Tell the Story of the Glory

The Christmas carols begin every year about mid-November, and by December 25 all you want for Christmas is a good pair of earplugs. You hear them at the shopping mall. You hear them in elevators. You hear them when you’re put on hold while ordering duck decoys for Uncle Irv. The result is that even our most beloved holiday hymns are stripped of their power to move us because of the sheer, endless repetition. They’ve become the musical equivalent of plastic reindeer. Besides, it’s hard to capture the mystery of Christmas when everyone from Miss Piggy to Alvin and the Chipmunks is warbling these familiar tunes. May I suggest that you and your family spend some time this Christmas exploring some unfamiliar holiday music—ancient carols that help us understand how Christians through the centuries have communicated the meaning of Christmas through song. For example, there’s a 300-year-old English carol called “Up Good Christian Folk and Listen.” The song includes these lyrics   Tell the story Of the Glory. God came down At Christmastide.   In barely one minute this carol tells us almost everything we need to know about Christmas—a trick few of us preachers can manage in an hour. Then there’s the fifteenth-century German carol, “Lo, How a Rose E’er Blooming.” This hymn covers most of the same theological and aesthetic ground as “Silent Night,” and it emphasizes an essential part of God’s nature—His faithfulness: Isaiah ’twas foretold it, the Rose I have in Mind; of Mary we behold it, the Virgin mother kind. Through the prophets, God promised us that a Savior would arise from the line of Jesse. In the fullness of time, as the apostle Paul put it, God kept His promise. Reflecting on the meaning of the Incarnation should be the goal of every Christian in the days leading up to Christmas. The church has traditionally used this season to recall Jesus’ first coming and to meditate on His second coming. And music is a rich part of this tradition, which is why exploring faith as expressed through song is a wonderful way to begin meditating on the real meaning of Christmas. So when the commercialized, overworked sound of Miss Piggy attacking Christmas carols makes you want to say, Bah! Humbug!, try sampling some of the music that has brought Christians closer to God for hundreds of years. Music that “tells the story of the Glory.”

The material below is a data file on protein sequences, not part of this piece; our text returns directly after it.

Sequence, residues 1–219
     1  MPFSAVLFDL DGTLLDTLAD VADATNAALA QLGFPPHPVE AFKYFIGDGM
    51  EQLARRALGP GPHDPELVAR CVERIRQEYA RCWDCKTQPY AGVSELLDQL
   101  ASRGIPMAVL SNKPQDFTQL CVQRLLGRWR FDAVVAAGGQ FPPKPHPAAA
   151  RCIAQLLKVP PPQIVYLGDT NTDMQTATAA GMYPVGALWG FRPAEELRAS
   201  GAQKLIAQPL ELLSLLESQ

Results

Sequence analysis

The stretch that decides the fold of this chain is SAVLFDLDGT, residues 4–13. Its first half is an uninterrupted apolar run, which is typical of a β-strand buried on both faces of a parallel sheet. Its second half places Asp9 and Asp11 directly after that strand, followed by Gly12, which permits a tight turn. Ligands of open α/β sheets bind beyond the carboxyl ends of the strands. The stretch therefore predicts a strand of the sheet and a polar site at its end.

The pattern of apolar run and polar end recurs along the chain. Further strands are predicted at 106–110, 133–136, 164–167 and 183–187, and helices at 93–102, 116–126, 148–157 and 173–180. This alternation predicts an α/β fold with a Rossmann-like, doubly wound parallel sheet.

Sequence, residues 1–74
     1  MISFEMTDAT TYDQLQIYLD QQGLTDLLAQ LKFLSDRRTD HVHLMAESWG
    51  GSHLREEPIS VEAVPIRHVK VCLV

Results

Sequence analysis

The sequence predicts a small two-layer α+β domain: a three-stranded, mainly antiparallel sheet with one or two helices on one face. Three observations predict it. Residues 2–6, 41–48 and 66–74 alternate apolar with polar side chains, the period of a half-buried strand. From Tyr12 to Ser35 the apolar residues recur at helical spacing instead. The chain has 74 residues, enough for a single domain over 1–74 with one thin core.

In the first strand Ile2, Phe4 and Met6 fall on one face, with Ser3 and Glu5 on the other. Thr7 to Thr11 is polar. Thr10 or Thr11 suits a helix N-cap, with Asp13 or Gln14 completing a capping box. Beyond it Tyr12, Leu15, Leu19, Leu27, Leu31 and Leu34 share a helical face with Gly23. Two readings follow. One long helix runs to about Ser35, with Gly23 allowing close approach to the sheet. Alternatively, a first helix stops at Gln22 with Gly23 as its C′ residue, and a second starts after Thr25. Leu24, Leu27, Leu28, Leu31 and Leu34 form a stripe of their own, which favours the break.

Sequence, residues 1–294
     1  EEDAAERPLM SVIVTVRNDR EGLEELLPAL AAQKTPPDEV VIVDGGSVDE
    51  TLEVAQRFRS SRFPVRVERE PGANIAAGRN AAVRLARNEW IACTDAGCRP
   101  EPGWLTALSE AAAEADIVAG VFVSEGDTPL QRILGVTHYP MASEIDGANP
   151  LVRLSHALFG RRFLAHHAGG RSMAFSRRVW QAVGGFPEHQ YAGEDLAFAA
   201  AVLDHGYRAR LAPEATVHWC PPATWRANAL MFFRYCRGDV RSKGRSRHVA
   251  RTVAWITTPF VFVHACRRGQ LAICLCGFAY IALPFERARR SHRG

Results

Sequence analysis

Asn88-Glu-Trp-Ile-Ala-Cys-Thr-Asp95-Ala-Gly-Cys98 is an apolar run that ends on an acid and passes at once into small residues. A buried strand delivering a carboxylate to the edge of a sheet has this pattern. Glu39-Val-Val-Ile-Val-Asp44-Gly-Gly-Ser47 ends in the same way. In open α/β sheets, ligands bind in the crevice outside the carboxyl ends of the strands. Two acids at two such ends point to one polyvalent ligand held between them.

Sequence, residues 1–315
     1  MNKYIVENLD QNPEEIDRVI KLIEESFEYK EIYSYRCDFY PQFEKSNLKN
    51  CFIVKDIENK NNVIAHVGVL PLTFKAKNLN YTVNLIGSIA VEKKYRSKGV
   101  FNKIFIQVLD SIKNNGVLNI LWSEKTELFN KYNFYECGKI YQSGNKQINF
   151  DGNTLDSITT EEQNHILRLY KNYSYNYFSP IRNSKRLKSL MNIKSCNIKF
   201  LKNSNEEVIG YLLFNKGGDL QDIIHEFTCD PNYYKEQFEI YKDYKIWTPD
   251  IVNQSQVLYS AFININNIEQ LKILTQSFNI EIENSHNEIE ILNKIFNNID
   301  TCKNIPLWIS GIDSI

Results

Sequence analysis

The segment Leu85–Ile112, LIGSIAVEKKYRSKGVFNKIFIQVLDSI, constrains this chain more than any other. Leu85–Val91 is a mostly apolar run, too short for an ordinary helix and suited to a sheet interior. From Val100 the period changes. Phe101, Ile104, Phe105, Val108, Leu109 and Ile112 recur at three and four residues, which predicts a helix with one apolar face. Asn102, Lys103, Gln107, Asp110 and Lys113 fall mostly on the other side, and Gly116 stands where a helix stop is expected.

Chuck Colson



  • Facebook Icon in Gold
  • Twitter Icon in Gold
  • LinkedIn Icon in Gold

Sign up for the Daily Commentary